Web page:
My fax machine was the bearer of sad tidings recently: an announcement from longtime restaurateur Bill Sadler, et al., of the closing of the two-year-old Moose Cafe, Sadler's high-profile experiment with Pacific Northwest smokehousing. Sadler and crony Charles Watkins of the Sierra Grill intend to offer a new restaurant at the same Montrose location (1340 West Gray) -- an eatery that will be "more familiar to Houstonians," the fax said. (Do I detect a whiff of bitterness?) The pair had tried, and failed, to nail down a downtown location -- like everyone else nowadays -- before deciding to do away with the Moose.
Now, Mr. Bill's back on a Tex-Mex bent. The new restaurant, dubbed The Blue Agave after the succulent source of tequila, will lean heavily on Tex-Mex tradition with just a sprinkling of authentic Mexican dishes -- more Ninfa than Noche, according to Sadler. "Don't underestimate Tex-Mex," he warns. "Mama Ninfa is one of the best chefs this town has ever seen."
Look for The Blue Agave to open within a couple of weeks, as soon as the face-lift is complete at the corner of West Gray and Waugh. Sadler mysteriously hints that he had big fun shopping in Mexico for a "very, very different look" for the place, and has dropped some serious cash on a top-notch sound system for the bar. Judging by Sadler's track record -- besides the Moose, he's hatched sophisticated eateries such as Cafe Noche and the River Cafe -- bet on The Blue Agave to be a scene to be seen.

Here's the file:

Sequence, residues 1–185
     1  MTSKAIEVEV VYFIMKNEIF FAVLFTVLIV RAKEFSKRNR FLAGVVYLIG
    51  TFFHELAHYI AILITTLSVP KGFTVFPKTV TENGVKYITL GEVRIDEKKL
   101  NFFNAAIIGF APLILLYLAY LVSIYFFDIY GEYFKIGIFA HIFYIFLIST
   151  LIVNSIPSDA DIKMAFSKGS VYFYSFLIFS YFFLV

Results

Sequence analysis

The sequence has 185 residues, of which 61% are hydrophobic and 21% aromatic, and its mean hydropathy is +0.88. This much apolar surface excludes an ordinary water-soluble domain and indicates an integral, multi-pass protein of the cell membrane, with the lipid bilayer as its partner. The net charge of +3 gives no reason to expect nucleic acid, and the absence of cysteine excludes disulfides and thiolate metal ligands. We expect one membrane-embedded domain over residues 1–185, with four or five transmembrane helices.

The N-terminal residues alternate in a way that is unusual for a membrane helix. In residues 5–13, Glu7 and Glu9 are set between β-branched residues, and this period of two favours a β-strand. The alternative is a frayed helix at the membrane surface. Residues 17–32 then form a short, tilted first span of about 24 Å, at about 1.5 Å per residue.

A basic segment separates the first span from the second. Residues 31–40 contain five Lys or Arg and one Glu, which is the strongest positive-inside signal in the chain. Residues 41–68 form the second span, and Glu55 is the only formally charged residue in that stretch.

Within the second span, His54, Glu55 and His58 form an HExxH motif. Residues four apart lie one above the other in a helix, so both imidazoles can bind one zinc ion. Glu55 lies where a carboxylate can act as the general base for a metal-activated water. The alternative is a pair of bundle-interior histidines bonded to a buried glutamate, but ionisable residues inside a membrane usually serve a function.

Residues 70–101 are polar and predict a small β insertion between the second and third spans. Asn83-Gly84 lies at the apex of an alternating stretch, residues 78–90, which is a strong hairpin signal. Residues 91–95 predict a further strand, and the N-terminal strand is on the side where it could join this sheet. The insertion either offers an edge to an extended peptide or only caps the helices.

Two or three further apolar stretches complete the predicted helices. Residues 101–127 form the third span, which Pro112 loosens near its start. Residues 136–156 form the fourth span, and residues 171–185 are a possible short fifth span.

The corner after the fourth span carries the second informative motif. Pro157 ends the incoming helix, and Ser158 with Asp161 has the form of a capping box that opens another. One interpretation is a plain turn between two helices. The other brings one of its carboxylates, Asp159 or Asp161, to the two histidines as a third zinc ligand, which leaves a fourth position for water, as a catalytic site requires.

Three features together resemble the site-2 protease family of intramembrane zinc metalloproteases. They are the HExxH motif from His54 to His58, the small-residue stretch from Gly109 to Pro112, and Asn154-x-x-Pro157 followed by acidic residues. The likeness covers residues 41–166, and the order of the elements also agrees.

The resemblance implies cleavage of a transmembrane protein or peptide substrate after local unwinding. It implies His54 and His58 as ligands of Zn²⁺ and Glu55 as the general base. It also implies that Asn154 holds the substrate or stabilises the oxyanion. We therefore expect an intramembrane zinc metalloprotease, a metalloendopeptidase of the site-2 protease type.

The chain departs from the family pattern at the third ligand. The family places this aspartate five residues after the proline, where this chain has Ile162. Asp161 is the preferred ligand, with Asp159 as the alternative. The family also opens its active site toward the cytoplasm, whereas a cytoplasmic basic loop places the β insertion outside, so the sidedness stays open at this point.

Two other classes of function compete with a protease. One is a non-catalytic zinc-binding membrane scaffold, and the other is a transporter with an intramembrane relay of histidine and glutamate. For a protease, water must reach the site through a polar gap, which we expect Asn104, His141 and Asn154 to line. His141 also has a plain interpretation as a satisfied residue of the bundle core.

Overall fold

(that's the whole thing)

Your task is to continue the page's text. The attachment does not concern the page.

-- Margaret L. Briggs
Ever wanted to give a chef access to the contents of your refrigerator? That's the premise of the Food Network's wildly popular Ready ... Set ... Cook! The half-hour cable show pits two well-known chefs against each other, armed with $10 in foodstuffs and access to a full pantry. They must then transform the odd kumquat and salmon into something they might put on their own menus.
Now you can cast your own vote for either of two formidable local chefs -- Arturo Boada of Solero or Sierra Grill's Charlie Watkins -- as host Sissy Biggers eggs them on during a Houston taping Sunday, April 5, at the Westin Galleria Hotel. (For ticket information, call 1  949-CHEF.)
But brace yourself: No one, not even a chef, can create magic in 18 minutes. Filming lasts from noon till 5 p.m. -- a whopping five hours -- during which time you'll get to see the slicing, dicing and other hard work that normally ends up on the cutting-room floor.
-- Bobette Riner
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